At 10am, we are too early for their first step of the chocolate process: roasting the beans. She shows us two tiny ovens. Really? we think, This is it?
But that's the whole point of the Mast Brothers: They distill the process down to its original, old-fashioned state, with a few modern tweaks along the way. The bars are so good because they are made with real ingredients of the highest quality and are presented with meticulous care.
A handful of nibs.
Erin brings us to a fancy machine with a sticker that reads "super clean nibs," giving us a hint about its purpose. This is a custom-built winnower that removes husks from beans to get cocoa nibs. She gives us a small handful of freshly-husked nibs to sample. That rich, chocolatey smell comes out as we crush the nibs between our fingers. They taste even better than they smell.
Eventually, these nibs will be transformed into the chocolate bars at the front of the store. She brings us through a double door into a large room with glass windows. It's hot, because the stone grinders are all spinning at various stages, grinding nibs and organic cane sugar into a smooth and buttery paste.
Erin dips a large metal spoon into one of the grinders and lets us taste it. It's delicious, and already so smooth we can't understand why this batch needs another thirteen hours in the machine, but the grinding process, it turns out, can take up to three days. That's how long it takes to get to Mast-levels of smooth.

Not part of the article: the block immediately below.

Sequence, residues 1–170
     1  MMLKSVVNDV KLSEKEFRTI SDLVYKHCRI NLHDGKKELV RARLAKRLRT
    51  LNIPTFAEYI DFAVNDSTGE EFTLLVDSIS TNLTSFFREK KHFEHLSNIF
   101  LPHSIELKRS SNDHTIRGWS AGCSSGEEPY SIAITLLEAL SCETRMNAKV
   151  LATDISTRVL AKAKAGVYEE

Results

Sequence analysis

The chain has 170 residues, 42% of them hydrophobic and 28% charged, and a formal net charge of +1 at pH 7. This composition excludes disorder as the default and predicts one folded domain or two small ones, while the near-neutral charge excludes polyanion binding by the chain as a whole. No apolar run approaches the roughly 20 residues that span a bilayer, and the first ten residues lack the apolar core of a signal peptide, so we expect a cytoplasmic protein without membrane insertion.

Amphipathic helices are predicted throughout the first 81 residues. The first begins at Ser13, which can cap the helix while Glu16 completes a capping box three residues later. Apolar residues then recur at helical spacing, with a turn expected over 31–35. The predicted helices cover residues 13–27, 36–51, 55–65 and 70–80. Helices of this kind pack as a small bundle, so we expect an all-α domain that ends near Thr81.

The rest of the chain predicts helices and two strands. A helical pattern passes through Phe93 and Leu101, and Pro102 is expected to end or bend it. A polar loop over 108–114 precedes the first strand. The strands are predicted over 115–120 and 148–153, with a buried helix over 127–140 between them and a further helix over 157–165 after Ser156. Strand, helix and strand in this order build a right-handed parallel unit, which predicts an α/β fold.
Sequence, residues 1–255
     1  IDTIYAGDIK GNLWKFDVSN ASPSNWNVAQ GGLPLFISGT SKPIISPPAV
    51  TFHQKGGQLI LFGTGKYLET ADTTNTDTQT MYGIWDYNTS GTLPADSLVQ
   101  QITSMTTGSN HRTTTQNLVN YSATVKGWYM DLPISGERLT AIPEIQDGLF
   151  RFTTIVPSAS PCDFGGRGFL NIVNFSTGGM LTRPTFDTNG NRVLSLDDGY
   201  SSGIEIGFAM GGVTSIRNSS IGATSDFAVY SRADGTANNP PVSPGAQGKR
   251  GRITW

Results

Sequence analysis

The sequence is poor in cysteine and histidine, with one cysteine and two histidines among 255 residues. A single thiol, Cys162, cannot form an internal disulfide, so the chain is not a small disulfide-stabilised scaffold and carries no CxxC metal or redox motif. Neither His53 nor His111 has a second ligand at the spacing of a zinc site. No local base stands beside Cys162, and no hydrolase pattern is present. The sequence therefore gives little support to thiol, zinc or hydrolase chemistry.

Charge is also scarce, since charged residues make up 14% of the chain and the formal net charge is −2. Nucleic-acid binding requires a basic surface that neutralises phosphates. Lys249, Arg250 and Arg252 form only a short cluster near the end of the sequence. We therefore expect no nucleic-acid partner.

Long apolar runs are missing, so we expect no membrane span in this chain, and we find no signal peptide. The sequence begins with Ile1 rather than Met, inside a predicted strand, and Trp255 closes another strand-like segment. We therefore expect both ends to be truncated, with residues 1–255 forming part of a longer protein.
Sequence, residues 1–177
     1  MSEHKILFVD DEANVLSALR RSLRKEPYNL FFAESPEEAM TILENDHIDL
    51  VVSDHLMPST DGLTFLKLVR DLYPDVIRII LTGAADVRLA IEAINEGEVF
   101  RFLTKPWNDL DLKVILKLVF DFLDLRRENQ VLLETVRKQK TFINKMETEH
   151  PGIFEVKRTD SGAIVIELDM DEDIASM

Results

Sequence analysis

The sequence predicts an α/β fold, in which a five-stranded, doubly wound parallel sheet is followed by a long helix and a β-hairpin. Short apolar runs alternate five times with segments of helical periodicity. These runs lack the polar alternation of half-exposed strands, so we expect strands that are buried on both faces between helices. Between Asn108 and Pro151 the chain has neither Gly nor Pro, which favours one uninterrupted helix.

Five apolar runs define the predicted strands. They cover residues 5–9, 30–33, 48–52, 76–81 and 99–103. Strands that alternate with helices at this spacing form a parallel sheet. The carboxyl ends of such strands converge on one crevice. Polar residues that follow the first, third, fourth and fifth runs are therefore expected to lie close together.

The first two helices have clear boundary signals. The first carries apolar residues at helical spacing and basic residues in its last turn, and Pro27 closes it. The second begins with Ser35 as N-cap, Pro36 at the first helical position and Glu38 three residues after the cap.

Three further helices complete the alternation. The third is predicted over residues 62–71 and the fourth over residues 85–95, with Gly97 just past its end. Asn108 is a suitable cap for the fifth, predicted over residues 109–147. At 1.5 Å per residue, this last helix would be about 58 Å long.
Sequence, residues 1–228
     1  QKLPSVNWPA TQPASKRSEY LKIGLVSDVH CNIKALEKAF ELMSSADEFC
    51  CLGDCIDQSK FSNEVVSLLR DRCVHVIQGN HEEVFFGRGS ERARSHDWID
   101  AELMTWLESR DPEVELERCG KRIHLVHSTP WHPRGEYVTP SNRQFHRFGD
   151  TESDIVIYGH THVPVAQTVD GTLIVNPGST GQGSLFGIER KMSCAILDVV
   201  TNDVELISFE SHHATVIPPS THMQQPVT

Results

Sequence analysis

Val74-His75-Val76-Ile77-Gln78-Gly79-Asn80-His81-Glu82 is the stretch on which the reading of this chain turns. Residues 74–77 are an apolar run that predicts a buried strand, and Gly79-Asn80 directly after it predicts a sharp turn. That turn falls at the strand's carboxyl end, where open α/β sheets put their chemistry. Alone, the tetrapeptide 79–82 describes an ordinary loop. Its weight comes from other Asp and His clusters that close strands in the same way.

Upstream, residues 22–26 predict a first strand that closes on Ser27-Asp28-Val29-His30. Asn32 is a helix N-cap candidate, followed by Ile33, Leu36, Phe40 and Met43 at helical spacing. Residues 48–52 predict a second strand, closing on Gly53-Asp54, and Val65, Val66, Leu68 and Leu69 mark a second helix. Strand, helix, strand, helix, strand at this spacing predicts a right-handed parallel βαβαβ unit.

Awesome chocolate, more awesome tattoos.
But that's not the end of the process. The chocolate is poured into a bin and placed on a shelf, where it goes through an aging process (a week to three months) to bring out natural flavours. The aged chocolate is melted, strained, and tempered before being poured into molds. This is when Artisan bars get their extra ingredient.
We are fascinated watching a guy with awesome arm tattoos pour chocolate into the molds, occasionally tapping the mold on the table to set it. What a meditative exercise. As if reading our minds, Erin mentions that anyone can train to become a chocolatier at Mast Brothers, no culinary degree required. (One of the Masts used to be an accountant.) You bring the passion and curiosity; they teach the skills.
Wrapping and packing their Dominican Republic single-origin bars.
Once they're ready, the bars are wrapped, first in gold foil, then in colourful paper. I can't decide whether to buy for flavour (I always love a good sea salt chocolate bar) or design (look at the bright colors on the Brooklyn Blend!). So I end up buying both.
We stay a little longer, stock up on chocolate for the road and the office, and walk out slowly, still drunk on the strong chocolate smell that fills the space and tempts the neighborhood.
Mast Brothers Chocolate
111 N. 3rd St.
Brooklyn, NY 11211
Tours and tastings are held on Monday, Wednesday, and Friday evenings at 5 p.m., and on Saturday and Sunday morning at 11 a.m. You can purchase tickets online.
This article originally appeared on Fathom.